I ran into a little problem where I had to move a clients web site to a new server. Unfortunately, the directory structure had changed where the DocumentRoot originally had been /home/hosting/webs/clientname/website/web to /var/www/website/web.
This particular site had several dozen .htaccess files, all of them pointing to the absolute directory path.
Thanks to the aid of this web site, I was able to come up with a solution, use grep and xargs to process each file found.
The best solution was:
grep -lr -e 'string_to_look_for' path/to/root/of/tree | xargs perl -p -i.bak -e ’s/string_to_look_for/string_to_replace_it_with/g’ *
This NOTE: the -i.bak in the Perl command makes a backup of the file before it is processed.
In my case, I was looking for the string /home/hosting/webs/clientname/website/web, which contains the forward slash (/) so I could not use the standard regex forward slash perl normally wants. However, you can use just about any delimiter here, so I chose a pipe (|). My result was:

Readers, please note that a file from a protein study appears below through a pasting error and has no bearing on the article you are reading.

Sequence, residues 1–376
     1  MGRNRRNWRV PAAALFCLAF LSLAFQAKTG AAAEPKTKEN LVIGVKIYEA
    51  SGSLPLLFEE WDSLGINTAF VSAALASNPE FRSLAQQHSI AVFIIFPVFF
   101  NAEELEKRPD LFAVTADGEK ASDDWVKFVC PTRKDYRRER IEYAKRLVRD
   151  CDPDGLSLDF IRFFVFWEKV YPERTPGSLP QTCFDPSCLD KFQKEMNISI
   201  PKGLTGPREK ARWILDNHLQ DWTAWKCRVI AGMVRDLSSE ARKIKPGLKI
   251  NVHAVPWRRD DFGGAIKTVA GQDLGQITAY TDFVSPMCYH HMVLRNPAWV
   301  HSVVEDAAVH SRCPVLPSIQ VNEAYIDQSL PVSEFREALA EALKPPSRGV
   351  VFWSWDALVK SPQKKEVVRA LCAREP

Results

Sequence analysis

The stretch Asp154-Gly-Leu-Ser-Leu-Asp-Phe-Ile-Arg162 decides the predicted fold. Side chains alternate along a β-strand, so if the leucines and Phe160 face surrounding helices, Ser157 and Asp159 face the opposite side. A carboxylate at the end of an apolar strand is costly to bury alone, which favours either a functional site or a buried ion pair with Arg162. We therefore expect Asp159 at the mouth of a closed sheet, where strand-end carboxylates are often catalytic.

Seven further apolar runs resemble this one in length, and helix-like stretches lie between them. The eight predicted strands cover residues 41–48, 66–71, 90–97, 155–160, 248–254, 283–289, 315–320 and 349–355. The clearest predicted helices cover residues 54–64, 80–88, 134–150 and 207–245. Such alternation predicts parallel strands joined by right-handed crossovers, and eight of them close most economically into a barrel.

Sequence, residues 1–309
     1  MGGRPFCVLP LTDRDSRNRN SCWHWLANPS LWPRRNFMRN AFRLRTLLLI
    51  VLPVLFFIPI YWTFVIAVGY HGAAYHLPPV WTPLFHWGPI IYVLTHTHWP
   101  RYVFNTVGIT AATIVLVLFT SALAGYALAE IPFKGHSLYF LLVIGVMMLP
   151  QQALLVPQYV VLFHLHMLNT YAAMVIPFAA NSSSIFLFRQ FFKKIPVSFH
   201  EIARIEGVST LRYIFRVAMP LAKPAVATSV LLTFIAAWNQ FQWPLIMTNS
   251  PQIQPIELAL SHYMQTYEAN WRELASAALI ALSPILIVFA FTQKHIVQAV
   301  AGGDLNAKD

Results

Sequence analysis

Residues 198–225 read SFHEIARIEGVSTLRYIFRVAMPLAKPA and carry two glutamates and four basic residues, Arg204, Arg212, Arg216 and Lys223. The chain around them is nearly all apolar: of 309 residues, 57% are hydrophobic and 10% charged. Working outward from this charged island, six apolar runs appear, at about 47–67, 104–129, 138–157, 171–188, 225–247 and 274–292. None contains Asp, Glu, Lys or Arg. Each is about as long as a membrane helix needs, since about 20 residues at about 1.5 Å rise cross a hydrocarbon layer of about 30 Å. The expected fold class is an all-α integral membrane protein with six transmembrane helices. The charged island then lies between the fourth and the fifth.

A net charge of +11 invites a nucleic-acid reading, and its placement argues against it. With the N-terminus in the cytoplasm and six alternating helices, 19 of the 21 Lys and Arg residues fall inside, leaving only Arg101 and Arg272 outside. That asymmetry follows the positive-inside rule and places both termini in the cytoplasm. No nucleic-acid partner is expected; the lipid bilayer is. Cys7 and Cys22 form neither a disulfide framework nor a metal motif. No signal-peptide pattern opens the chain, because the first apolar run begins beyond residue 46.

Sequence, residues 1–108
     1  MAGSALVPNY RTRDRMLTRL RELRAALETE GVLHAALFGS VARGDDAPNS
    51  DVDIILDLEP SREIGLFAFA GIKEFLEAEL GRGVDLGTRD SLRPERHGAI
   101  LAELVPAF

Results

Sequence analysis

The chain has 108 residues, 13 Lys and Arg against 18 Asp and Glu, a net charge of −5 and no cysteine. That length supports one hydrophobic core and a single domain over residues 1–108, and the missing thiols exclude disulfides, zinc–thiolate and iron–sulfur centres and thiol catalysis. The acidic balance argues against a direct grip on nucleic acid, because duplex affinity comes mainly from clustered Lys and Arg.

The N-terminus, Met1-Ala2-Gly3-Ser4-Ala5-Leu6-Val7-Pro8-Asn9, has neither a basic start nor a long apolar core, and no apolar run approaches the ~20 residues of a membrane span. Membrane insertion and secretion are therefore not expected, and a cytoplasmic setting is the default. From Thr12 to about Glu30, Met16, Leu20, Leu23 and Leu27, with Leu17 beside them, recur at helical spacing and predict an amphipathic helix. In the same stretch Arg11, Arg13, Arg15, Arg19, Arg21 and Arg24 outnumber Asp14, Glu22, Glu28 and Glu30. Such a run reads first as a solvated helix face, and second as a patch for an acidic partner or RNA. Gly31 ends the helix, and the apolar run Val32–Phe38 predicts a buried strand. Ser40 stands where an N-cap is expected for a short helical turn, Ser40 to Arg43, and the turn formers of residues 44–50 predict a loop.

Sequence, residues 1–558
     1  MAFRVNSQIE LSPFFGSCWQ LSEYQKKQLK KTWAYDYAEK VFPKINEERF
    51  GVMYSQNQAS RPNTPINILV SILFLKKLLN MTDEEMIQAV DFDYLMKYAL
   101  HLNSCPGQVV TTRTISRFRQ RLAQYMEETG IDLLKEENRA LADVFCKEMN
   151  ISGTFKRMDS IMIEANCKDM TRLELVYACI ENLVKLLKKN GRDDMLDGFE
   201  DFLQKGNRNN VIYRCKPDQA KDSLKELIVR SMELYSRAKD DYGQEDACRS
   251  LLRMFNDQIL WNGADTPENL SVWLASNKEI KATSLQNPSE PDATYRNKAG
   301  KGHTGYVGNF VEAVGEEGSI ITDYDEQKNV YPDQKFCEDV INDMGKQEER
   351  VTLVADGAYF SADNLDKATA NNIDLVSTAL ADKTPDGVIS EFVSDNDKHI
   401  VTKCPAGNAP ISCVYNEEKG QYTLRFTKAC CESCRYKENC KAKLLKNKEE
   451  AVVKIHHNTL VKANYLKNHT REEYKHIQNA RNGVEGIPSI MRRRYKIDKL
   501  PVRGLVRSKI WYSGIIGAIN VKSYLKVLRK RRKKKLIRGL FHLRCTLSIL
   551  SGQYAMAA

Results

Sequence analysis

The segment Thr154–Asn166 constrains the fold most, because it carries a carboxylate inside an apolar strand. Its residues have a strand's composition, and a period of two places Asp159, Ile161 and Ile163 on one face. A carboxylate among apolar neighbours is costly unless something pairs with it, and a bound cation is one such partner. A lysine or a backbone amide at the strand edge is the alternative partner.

grep -lr -e '/home/hosting/webs/' /var/www/domainname/web/* | xargs perl -p -i.bak -e 's|/home/hosting/webs/client/domain/web|/var/www/domain/web/|g'
Breaking this down:
- grep -lr -e '/home/hosting/webs/' /var/www/domainname/web/ -- Look in all files under /var/www/domainname/web (recursively) for any content matching '/home/hosting/webs' and pass the file name to STDOUT
- xargs -- This is the greatest command. Takes the incoming list (from STDIN) and processes some command on it.
- perl -p -i.bak -e 's|/home/hosting/webs/client/domain/web|/var/www/domain/web/|g' -- Run perl by iterating over all the file names passed in (-p), overwriting it after making a backup (-i.bak means modify file in place, after creating a backup file with .bak suffix) and running the search and replace regex on the contents of the file (-e means "run the following as a one liner program).
The result was a very rapid replacement of all the path problems.